Starving for Perfection
By Sharon Witt
Eating disorders are increasingly common among young people, particularly girls, and it’s hardly surprising. Young people face a daily barrage of toxic messages, both from the media and their peers, related to body image. It’s almost impossible to escape the highly manipulated and digitally-altered images of celebrities and models on the covers of our magazines.
Recent statistics indicate that 90 percent of 12-17 years old girls and 68 percent of 12-17 year old boys have been on a diet of some type. Unfortunately, a society obsessed with dieting means that it’s likely that many young people will develop an eating disorder of some description.
This is distressing indeed! We’re all unique and beautiful, and this makes us who we are. We’re not meant to be carbon copies of each other.
Eating disorders describe a group of illnesses where someone has a false or untrue view of their body image and suffers from extreme disturbances in their eating habits. Commonly known eating disorders include Anorexia Nervosa and Bulimia Nervosa. There are many reasons why a person might develop an eating disorder and they will vary from person to person. However, it might be brought on by one of the following triggers:
● constantly thinking about weight and being skinny
● loss and grief
● brain chemistry
● physical, emotional, or sexual abuse
Whatever the cause, if you feel that you might be suffering from an eating disorder, it’s important that you share this with someone you trust and get some help.
Anorexia Nervosa is probably the most commonly known eating disorder and it has been in the media spotlight many times in recent years.
A girl suffering from anorexia will often show symptoms of extreme weight loss and will most likely have a distorted (wrong) view of how her body actually looks. It’s a bit like going to the show grounds and standing in front of one of those crazy mirrors; you look at yourself in the mirror and you look all weird and fat. That’s not how you really look, but your mind thinks it’s a truthful image.
Girls with anorexia will often have an intense desire for weight loss and appearing thin. Food, weight, and appearance often become the main focus for someone with anorexia. Concentrating on food and weight becomes, for them, a way of dealing with and managing intense emotions.
Common symptoms of Anorexia:
● fear of putting on weight
● avoiding fatty foods
● extreme loss of weight
● not wanting to eat
● over exercising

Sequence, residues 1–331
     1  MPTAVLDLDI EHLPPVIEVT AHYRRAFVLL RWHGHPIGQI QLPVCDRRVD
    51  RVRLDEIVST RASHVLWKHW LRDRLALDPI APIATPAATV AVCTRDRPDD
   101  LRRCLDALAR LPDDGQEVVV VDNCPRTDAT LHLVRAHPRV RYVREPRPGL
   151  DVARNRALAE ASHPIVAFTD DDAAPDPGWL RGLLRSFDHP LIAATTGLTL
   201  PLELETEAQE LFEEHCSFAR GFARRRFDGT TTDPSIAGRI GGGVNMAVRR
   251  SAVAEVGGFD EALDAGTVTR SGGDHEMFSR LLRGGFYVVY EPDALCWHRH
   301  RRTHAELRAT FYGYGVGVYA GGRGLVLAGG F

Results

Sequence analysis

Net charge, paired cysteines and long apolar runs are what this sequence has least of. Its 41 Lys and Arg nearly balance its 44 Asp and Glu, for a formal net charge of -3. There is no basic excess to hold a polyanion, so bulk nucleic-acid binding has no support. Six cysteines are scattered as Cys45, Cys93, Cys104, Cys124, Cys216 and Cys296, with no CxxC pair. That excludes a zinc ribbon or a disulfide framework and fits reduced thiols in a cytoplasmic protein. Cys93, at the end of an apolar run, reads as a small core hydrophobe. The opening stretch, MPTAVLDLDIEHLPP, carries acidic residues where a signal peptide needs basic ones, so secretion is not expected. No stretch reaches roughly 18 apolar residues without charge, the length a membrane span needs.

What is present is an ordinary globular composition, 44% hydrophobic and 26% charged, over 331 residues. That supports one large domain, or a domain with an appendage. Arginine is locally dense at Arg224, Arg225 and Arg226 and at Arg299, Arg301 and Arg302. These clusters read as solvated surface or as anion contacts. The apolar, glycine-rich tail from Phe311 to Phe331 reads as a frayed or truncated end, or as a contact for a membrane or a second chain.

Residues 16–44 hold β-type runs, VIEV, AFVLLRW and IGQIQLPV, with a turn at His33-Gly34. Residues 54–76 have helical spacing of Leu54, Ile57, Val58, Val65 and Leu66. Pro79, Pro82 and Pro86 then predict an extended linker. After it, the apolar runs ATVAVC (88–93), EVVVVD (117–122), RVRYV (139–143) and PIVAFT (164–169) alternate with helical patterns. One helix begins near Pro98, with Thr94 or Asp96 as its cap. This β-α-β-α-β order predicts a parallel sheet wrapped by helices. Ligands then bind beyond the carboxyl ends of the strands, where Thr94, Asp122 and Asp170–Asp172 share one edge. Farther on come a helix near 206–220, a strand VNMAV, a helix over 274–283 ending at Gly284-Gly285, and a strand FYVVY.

● constantly checking weight
● getting cold easily
● thinking they are fat/ overweight
● nails and hair are brittle and break easily
● dry and yellow skin
● the appearance of lanugo (fine body hair)
● irregular periods or no periods whatsoever
● wearing oversized/ baggy clothes to cover up loss of weight
Bulimia Nervosa is an eating disorder that involves regular binges (excessive amounts of eating). Sufferers may feel hungry and out of control and this leads to eating large amounts of food. Usually, extreme feelings of guilt and anxiety about becoming fat then leads to an intense desire to get rid of the food, often by vomiting.
Common symptoms of Bulimia:
● eating unusually large amounts of food and often the wrong types of food such as fatty foods and junk food
● being secretive about eating
● visiting the toilet to vomit or purge after eating
● extreme moodiness and depression
● being overly critical about their body
● feeling tired and often lacking in energy
● sore throat (from the acids coming up during vomiting)
● decaying teeth (caused by the acids in the stomach coming up)
What to do if you think you are suffering from an eating disorder
It’s vital that you seek help if you think you may be experiencing the symptoms of an eating disorder. If left undiagnosed and untreated, eating disorders can put a lot of pressure on your heart and other vital organs in your body that are trying to make up for the lack of food and nutrients in your body. So, here are some options to get some help:
· talk to someone you trust such as your mom, dad, teacher, friend or school counsellor
· call a teen help line
· if you find it too hard to talk to an adult on your own, tell a friend who can then talk to an adult on your behalf or come with you to talk to an adult
· ask a parent or adult to take you to see a doctor
There are many experts on eating disorders who have experience with helping young girls with these types of issues. Although you might feel this way, it’s important to know that you’re never alone!
If you don’t feel comfortable telling someone face-to-face, please make sure you call a help line or a support program. Help is out there for you and may include counselling, hospital treatment (for severe cases) and other types of therapy. Just know that you never need to suffer alone. You can get better and lead a happy, healthy life following this disease.
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